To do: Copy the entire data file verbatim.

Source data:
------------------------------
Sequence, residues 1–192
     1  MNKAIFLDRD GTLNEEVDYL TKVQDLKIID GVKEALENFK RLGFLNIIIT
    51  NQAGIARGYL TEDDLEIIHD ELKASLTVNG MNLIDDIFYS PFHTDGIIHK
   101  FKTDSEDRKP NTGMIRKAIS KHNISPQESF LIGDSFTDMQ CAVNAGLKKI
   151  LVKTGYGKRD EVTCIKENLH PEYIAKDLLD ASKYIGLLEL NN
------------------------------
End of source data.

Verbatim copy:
Sequence, residues 1–192
     1  MNKAIFLDRD GTLNEEVDYL TKVQDLKIID GVKEALENFK RLGFLNIIIT
    51  NQAGIARGYL TEDDLEIIHD ELKASLTVNG MNLIDDIFYS PFHTDGIIHK
   101  FKTDSEDRKP NTGMIRKAIS KHNISPQESF LIGDSFTDMQ CAVNAGLKKI
   151  LVKTGYGKRD EVTCIKENLH PEYIAKDLLD ASKYIGLLEL NN